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To What Extent Did Napoleon Help Create THE MUMMY?

Are you familiar with the term “Egyptomania”? It refers to the craze that swept Europe after Napoleon’s forces invaded Egypt in the late 1700s/early 1800s. The diminutive emperor himself was fascinated with ancient Egypt. (That whole thing about one of Napoleon’s soldiers shooting the nose off the Sphinx is complete bullshit. Had any disrespectful gendarme done such a thing, Napoleon would have had him drawn and quartered.) I don’t know if Egyptomania ever really died down after Napoleon, but it sure flared up again, brighter than ever, after Howard Carter discovered the tomb of King Tutankhamen in 1922. Ancient Egypt became so chic that it even inspired its own fashion trend! But people weren’t just fascinated by Egyptian history, culture, or fashion. They were also captivated by the possibility of King Tut’s “curse.”

Carter opened Tut’s tomb in 1922. Ten years later, Universal Studios would unleash THE MUMMY on the world. The movie starred the newly-minted Horror icon Boris Karloff and featured a screenplay writer by John Balderston, who had revised the already extant stage play for DRACULA and whose scripts served as the foundation for such Universal projects as FRANKENSTEIN, BRIDE OF FRANKENSTEIN, MARK OF THE VAMPIRE, and DRACULA’S DAUGHTER. Carl Laemmle Jr., head of Universal, was inspired to create a new Horror flick featuring a mummy after Carter discovered Tut’s tomb. Since both DRACULA and FRANKENSTEIN had been huge hits for the company, and both movies had started life as novels, Laemmle wanted to find a literary project upon which he could base his mummy flick. As there is no one definitive mummy Horror story, one was cobbled together, borrowing from Arthur Conan Doyle’s short story “The Ring of Thoth” and the life story of Alessandro Cagliostro. (More on him in a later article.) Laemmle then hired Balderston to rework the treatment, and his script became the storyline for THE MUMMY.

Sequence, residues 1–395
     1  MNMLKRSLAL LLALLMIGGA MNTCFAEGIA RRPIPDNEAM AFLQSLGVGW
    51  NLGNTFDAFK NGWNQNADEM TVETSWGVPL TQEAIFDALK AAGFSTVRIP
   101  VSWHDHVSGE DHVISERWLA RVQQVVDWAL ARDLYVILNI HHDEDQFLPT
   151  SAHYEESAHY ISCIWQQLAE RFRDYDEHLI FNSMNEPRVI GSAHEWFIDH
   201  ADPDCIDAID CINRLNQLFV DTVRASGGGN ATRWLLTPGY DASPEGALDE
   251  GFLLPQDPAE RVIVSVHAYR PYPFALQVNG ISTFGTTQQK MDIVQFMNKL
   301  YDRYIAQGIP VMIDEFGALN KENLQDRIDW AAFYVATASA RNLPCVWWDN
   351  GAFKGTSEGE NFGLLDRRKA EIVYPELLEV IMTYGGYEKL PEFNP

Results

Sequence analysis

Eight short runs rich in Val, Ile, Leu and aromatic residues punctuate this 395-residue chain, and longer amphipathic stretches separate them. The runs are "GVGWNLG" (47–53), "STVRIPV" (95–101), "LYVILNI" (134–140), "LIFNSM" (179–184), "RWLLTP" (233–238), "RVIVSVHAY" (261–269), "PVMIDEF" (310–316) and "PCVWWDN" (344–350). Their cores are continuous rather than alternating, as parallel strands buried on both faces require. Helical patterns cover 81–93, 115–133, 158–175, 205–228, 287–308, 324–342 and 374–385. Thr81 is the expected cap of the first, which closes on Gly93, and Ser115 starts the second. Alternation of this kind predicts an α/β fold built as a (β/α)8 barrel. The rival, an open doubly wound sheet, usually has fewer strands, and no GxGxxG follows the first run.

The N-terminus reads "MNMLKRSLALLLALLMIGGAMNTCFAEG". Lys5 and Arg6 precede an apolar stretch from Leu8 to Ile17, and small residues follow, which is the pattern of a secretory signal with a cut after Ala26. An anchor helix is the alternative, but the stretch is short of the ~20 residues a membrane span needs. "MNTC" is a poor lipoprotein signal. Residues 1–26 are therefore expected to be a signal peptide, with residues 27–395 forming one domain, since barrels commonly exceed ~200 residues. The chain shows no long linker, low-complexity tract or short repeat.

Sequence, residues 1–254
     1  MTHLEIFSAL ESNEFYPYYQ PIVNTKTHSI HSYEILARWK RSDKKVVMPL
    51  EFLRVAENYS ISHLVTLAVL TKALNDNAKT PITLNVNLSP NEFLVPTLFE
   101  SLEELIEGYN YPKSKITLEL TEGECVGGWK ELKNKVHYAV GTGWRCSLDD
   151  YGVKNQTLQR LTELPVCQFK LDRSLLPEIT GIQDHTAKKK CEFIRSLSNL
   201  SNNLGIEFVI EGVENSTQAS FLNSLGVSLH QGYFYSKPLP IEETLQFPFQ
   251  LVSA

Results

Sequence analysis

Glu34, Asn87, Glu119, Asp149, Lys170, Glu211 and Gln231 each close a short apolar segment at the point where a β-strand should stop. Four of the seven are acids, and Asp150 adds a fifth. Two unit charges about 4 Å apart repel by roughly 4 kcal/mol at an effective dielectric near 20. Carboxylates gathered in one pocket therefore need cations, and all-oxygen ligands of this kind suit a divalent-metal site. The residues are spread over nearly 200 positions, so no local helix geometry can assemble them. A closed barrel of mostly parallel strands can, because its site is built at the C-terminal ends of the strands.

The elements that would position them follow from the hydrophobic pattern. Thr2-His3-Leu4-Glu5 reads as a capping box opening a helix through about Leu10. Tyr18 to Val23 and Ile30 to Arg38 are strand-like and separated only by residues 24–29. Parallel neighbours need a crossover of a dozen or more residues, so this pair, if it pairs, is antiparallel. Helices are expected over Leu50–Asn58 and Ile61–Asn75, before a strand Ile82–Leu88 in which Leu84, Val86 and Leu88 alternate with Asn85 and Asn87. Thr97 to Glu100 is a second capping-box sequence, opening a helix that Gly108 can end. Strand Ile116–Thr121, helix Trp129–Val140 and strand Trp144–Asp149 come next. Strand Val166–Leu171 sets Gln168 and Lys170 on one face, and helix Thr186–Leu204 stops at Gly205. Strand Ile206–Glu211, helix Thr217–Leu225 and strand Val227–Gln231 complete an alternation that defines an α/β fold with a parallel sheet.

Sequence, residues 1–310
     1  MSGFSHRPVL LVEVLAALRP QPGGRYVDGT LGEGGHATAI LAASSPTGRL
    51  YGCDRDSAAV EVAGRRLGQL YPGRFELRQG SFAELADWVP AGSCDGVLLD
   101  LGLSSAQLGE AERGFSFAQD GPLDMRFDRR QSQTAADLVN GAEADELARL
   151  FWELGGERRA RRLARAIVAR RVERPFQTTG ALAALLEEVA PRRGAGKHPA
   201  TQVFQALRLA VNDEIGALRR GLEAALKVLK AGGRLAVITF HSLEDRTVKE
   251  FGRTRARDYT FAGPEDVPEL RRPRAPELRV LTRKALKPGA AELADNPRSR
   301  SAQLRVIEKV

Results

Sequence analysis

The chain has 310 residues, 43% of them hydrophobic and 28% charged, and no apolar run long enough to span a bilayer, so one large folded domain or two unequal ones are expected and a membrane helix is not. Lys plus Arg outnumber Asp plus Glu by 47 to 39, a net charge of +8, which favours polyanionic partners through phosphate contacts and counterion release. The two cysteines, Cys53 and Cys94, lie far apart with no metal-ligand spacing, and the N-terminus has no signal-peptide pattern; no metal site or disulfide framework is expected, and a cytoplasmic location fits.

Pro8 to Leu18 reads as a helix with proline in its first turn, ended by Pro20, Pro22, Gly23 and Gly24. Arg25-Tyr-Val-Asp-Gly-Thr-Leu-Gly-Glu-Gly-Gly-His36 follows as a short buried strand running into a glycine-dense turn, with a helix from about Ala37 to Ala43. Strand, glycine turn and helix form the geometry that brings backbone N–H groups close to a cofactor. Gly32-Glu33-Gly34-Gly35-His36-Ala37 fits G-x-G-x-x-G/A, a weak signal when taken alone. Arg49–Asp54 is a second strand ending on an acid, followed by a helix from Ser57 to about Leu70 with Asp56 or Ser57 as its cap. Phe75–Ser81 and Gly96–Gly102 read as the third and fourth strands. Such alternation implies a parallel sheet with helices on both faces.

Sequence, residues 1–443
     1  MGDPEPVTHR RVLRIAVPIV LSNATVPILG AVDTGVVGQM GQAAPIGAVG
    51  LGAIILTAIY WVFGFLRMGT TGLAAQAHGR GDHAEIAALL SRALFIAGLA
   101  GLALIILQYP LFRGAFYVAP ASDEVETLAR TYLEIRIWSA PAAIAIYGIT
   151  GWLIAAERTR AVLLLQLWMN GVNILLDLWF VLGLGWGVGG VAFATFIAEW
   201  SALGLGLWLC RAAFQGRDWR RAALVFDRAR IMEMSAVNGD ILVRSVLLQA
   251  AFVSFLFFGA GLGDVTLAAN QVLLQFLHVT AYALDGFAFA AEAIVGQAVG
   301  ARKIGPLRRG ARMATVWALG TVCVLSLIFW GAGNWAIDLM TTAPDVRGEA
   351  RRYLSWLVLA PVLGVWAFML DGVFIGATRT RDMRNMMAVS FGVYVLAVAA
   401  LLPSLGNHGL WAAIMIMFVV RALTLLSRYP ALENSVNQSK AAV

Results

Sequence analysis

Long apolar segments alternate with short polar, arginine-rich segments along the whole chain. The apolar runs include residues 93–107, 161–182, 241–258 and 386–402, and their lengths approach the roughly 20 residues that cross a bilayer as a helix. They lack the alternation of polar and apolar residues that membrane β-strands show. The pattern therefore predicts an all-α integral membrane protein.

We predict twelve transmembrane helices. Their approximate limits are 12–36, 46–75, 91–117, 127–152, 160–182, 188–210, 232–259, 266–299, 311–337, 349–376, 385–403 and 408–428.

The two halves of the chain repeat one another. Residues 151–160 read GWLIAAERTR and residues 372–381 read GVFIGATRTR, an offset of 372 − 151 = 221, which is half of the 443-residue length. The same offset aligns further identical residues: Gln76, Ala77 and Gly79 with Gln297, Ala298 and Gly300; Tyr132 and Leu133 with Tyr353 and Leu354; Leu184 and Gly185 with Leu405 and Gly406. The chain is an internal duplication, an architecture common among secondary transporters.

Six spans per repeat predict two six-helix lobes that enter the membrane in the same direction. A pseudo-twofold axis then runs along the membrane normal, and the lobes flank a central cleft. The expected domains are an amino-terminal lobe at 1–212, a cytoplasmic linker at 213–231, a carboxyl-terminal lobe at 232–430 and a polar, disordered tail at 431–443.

Ironically, as was the case with both DRACULA and FRANKENSTEIN, THE MUMMY ended up bearing little resemblance to its literary precedent(s).

Also ironically, John Balderston, working at the time as a journalist, had been present at the opening of Tutankhamen’s tomb!

TheCheezman • November 19, 2018

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